updated 9:12 AM EDT, Tue October 21, 2014
Sigrid Fry-Revere says the National Organ Transplant Act has caused more Americans to die waiting for an organ than died in both World Wars, Korea, Vietnam, Afghanistan and Iraq
updated 2:51 PM EDT, Tue October 21, 2014
Crystal Wright says racist remarks like those made by black Republican actress Stacey Dash do nothing to get blacks to join the GOP
updated 6:07 PM EDT, Tue October 21, 2014
Mel Robbins says by telling her story, Monica Lewinsky offers a lesson in confronting humiliating mistakes while keeping her head held high
updated 9:29 AM EDT, Mon October 20, 2014
Cornell Belcher says the story of the "tea party wave" in 2010 was bogus; it was an election determined by ebbing Democratic turnout
updated 4:12 PM EDT, Mon October 20, 2014
Les Abend says pilots want protocols, preparation and checklists for all contingencies; at the moment, controlling a deadly disease is out of their comfort zone
updated 11:36 PM EDT, Sun October 19, 2014
David Weinberger says an online controversy that snowballed from a misogynist attack by gamers into a culture war is a preview of the way news is handled in a world of hashtag-fueled scandal
updated 8:23 AM EDT, Mon October 20, 2014
Julian Zelizer says Paul Krugman makes some good points in his defense of President Obama but is premature in calling him one of the most successful presidents.
updated 10:21 PM EDT, Sun October 19, 2014
Conservatives can't bash and slash government and then suddenly act surprised if government isn't there when we need it, writes Sally Kohn
updated 8:05 AM EDT, Wed October 22, 2014
ISIS is looking to take over a good chunk of the Middle East -- if not the entire Muslim world, write Peter Bergen and Emily Schneider.
updated 9:00 AM EDT, Mon October 20, 2014
The world's response to Ebola is its own sort of tragedy, writes John Sutter
updated 4:33 PM EDT, Fri October 17, 2014
Hidden away in Russian orphanages are thousands of children with disabilities who aren't orphans, whose harmful treatment has long been hidden from public view, writes Andrea Mazzarino
updated 1:22 PM EDT, Sat October 18, 2014
When you hear "trick or treat" this year, think "nudge," writes John Bare
updated 12:42 AM EDT, Sat October 18, 2014
The more than 200 kidnapped Nigerian schoolgirls have become pawns in a larger drama, writes Richard Joseph.
updated 9:45 AM EDT, Fri October 17, 2014
Peggy Drexler said Amal Alamuddin was accused of buying into the patriarchy when she changed her name to Clooney. But that was her choice.
updated 4:43 PM EDT, Thu October 16, 2014
Ford Vox says the CDC's Thomas Frieden is a good man with a stellar resume who has shown he lacks the unique talents and vision needed to confront the Ebola crisis
updated 4:58 AM EDT, Sat October 18, 2014
How can such a numerically small force as ISIS take control of vast swathes of Syria and Iraq?
updated 9:42 AM EDT, Fri October 17, 2014
How big a threat do foreign fighters in Syria and Iraq pose to the West? It's a question that has been much on the mind of policymakers and commentators.
updated 8:21 AM EDT, Fri October 17, 2014
More than a quarter-million American women served honorably in the Iraq and Afghanistan wars. Now they are home, we have an obligation to help them transition back to civilian life.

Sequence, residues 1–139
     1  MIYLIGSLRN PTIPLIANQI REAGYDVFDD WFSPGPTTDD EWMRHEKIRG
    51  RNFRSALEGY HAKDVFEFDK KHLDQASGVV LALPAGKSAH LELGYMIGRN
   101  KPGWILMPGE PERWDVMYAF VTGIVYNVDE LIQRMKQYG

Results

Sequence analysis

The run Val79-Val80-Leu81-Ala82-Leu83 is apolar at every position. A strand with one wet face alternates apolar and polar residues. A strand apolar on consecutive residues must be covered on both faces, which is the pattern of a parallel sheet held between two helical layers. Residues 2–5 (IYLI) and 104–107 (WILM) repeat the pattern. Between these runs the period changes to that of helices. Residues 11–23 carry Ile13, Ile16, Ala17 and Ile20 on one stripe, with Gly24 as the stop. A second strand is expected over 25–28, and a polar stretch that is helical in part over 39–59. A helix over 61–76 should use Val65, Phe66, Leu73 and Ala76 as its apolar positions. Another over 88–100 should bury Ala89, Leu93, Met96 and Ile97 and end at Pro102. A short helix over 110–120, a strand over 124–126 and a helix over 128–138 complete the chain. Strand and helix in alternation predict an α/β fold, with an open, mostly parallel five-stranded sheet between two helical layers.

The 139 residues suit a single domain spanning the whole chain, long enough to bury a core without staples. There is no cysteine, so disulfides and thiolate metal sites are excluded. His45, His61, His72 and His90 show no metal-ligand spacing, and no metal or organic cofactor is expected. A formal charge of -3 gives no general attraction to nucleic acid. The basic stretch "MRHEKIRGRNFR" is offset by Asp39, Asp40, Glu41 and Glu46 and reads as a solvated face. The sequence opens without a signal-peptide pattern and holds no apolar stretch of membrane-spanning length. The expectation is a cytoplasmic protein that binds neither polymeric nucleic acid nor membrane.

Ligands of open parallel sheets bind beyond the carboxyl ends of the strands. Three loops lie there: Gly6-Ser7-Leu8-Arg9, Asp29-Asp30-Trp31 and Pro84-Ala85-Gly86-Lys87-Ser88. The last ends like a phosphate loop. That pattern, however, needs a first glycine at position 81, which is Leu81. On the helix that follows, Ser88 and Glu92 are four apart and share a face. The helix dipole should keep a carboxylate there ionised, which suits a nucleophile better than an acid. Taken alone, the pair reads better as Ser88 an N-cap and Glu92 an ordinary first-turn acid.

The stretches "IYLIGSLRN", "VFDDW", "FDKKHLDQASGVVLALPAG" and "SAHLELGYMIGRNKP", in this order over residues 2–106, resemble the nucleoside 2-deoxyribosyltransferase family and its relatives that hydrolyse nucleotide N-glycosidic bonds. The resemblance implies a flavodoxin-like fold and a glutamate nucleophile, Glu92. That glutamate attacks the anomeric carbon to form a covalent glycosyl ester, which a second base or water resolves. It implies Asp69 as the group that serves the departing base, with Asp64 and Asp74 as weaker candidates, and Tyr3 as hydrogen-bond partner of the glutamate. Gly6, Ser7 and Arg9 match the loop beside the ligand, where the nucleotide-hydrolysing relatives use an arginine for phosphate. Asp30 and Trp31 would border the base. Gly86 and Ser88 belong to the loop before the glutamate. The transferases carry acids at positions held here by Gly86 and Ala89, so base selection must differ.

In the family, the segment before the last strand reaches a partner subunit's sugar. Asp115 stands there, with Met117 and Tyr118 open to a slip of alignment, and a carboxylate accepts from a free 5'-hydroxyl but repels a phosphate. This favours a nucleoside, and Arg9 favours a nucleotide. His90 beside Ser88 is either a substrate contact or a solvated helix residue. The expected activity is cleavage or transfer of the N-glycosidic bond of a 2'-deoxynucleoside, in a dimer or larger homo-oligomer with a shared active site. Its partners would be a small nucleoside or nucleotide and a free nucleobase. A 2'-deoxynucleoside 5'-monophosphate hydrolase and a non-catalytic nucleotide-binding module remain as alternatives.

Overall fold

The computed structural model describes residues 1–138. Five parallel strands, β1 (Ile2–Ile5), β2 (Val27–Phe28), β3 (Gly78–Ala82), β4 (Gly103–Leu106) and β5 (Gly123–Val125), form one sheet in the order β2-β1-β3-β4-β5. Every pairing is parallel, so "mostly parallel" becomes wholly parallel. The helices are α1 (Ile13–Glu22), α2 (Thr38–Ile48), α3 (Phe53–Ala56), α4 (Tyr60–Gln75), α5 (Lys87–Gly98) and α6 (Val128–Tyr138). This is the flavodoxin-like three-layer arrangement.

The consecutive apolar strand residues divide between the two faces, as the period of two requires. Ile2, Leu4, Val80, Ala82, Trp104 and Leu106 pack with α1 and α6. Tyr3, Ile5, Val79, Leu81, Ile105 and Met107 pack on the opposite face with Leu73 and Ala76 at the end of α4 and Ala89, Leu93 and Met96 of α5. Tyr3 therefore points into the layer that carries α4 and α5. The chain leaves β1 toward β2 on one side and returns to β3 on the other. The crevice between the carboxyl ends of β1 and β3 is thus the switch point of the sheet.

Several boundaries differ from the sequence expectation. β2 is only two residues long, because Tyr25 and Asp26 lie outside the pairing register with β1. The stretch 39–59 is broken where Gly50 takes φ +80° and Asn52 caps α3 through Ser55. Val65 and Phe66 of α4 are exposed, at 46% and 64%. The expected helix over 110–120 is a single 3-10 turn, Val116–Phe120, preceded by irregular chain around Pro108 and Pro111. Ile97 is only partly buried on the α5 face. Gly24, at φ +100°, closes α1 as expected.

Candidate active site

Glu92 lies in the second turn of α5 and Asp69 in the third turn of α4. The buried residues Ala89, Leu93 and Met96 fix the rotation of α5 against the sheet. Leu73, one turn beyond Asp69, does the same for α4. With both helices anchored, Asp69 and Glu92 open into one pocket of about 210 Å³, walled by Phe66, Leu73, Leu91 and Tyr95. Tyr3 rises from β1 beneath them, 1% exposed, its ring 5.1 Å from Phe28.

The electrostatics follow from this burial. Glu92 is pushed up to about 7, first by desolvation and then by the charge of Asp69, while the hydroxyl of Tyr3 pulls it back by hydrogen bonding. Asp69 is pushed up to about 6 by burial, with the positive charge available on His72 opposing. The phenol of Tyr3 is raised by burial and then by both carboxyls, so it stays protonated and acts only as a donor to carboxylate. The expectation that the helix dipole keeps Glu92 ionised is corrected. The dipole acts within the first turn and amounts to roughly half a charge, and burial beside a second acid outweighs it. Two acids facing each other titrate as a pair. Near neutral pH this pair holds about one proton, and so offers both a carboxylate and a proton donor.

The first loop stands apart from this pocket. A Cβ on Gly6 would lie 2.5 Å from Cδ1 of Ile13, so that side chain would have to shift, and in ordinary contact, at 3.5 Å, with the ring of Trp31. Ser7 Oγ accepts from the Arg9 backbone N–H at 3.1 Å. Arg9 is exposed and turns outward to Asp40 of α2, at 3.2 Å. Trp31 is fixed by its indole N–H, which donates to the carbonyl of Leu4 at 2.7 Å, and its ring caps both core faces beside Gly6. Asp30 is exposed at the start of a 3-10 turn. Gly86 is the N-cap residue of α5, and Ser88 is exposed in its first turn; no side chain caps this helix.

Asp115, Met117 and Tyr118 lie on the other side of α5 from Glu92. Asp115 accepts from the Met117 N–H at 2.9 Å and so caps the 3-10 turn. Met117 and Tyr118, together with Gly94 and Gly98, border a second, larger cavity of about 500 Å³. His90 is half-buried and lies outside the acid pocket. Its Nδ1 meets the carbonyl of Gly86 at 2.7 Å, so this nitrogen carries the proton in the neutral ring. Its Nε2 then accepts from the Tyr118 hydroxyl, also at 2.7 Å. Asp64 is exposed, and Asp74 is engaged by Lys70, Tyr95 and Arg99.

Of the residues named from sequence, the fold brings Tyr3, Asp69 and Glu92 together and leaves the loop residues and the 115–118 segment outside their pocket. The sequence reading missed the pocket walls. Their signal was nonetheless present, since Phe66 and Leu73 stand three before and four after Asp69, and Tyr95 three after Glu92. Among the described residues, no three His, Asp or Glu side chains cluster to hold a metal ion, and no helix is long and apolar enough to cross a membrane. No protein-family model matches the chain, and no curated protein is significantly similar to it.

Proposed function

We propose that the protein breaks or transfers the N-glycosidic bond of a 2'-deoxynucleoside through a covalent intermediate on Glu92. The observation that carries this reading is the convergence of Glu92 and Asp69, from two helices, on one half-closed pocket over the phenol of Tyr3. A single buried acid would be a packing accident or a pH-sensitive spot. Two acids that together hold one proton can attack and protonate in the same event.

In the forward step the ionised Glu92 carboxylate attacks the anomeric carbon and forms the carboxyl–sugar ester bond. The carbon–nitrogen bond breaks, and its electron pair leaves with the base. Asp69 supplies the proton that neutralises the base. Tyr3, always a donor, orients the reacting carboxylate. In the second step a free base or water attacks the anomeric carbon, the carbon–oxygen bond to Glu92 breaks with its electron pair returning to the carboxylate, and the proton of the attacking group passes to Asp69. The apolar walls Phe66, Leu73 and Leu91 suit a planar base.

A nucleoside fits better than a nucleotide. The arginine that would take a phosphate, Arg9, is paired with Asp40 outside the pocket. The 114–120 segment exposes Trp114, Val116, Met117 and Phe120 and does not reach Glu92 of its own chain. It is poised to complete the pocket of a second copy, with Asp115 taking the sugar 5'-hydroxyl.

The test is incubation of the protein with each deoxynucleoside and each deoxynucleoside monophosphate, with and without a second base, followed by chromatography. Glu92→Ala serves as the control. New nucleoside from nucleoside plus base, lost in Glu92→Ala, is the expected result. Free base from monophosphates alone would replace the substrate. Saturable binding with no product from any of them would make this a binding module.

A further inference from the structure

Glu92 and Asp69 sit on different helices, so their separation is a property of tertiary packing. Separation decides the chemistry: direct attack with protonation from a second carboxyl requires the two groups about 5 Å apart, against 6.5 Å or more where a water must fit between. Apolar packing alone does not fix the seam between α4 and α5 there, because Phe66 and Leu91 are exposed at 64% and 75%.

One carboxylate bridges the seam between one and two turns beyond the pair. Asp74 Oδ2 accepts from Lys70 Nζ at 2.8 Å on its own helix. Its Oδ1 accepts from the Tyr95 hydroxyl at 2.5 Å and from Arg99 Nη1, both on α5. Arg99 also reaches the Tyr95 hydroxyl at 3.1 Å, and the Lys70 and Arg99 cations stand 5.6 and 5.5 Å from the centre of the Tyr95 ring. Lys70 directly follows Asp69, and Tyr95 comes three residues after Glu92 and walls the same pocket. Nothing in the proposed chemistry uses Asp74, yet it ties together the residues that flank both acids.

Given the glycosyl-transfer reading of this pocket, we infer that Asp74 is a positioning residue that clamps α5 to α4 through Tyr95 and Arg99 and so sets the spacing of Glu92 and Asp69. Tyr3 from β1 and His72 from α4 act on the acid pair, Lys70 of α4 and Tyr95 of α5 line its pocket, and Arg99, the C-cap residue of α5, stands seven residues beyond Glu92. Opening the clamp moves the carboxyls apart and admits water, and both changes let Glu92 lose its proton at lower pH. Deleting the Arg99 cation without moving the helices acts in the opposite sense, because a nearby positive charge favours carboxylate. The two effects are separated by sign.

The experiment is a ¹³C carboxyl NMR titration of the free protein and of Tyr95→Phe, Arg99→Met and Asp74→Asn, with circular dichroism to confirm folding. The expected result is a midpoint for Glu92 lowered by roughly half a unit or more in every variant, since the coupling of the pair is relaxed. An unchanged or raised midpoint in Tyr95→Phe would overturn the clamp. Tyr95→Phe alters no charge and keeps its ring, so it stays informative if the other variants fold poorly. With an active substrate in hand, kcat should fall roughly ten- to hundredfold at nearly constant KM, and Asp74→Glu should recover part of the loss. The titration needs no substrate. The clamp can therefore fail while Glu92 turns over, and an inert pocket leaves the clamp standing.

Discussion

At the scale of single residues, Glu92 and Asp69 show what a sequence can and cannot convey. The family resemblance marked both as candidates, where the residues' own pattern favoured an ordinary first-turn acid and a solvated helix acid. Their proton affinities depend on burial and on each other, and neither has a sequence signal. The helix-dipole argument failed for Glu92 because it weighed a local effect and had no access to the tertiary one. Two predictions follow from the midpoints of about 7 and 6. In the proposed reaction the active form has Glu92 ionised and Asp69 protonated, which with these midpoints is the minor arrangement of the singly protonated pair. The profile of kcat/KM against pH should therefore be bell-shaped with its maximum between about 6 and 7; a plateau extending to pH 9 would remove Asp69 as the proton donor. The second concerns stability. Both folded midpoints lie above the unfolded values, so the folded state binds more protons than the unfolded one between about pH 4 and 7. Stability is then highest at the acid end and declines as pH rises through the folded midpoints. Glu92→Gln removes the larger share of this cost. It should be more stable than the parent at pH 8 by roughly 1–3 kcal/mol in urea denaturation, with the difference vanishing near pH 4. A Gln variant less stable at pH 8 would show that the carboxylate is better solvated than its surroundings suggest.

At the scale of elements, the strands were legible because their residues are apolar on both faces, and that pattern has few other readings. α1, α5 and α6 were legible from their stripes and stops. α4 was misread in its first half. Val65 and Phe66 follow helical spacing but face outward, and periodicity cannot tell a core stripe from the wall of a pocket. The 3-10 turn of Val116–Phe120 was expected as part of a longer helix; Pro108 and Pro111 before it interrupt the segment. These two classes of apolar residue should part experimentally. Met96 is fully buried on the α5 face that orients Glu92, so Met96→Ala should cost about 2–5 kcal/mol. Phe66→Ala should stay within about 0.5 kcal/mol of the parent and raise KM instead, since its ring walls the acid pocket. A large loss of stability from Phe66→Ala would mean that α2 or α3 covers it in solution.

updated 4:27 PM EDT, Thu October 16, 2014
Paul Begala says Rick Scott's deeply weird refusal to begin a debate because rival Charlie Crist had a fan under his podium spells disaster for the Florida governor--delighting Crist
updated 12:07 AM EDT, Thu October 16, 2014
The longer we wait to engage on Ebola, the more limited our options will become, says Marco Rubio.
updated 7:53 AM EDT, Wed October 15, 2014
Democratic candidates who run from President Obama in red states where he is unpopular are making a big mistake, says Donna Brazile
updated 12:29 AM EDT, Thu October 16, 2014
At some 7 billion people, the world can sometimes seem like a crowded place. But if the latest estimates are to be believed, then in less than a century it is going to feel even more so -- about 50% more crowded, says Evan Fraser
updated 12:53 PM EDT, Mon October 20, 2014
Paul Callan says the Ebola situation is pointing up the need for better leadership
updated 6:45 PM EDT, Wed October 15, 2014
Nurses are the unsung heroes of the Ebola outbreak. Yet, there are troubling signs we're failing them, says John Sutter
updated 1:00 PM EDT, Wed October 15, 2014
Dean Obeidallah says it's a mistake to give up a business name you've invested energy in, just because of a new terrorist group
updated 7:01 PM EDT, Wed October 15, 2014
Fear of Ebola is contagious, writes Mel Robbins; but it's time to put the disease in perspective
updated 1:44 PM EDT, Tue October 14, 2014
Oliver Kershaw says that if Big Tobacco is given monopoly of e-cigarette products, public health will suffer.
updated 9:35 AM EDT, Sat October 18, 2014
Stop thinking your job will make you happy.
updated 10:08 PM EDT, Tue October 14, 2014
Ruben Navarrette says it's time to deal with another scandal involving the Secret Service — one that leads directly into the White House.
updated 7:25 AM EDT, Tue October 14, 2014
Americans who choose to fight for militant groups or support them are young and likely to be active in jihadist social media, says Peter Bergen
updated 9:03 AM EDT, Mon October 13, 2014
Stephanie Coontz says 11 years ago only one state allowed same sex marriage. Soon, some 60% of Americans will live where gays can marry. How did attitudes change so quickly?
updated 4:04 PM EDT, Tue October 14, 2014
Legalizing assisted suicide seems acceptable when focusing on individuals. But such laws would put many at risk of immense harm, writes Marilyn Golden.
updated 9:07 AM EDT, Mon October 13, 2014
Julian Zelizer says the issues are huge, but both parties are wrestling with problems that alienate voters
updated 6:50 PM EDT, Mon October 13, 2014
Mel Robbins says the town's school chief was right to cancel the season, but that's just the beginning of what needs to be done
updated 11:43 AM EDT, Sat October 11, 2014
He didn't discover that the world was round, David Perry writes. So what did he do?
ADVERTISEMENT
ADVERTISEMENT
ADVERTISEMENT
ADVERTISEMENT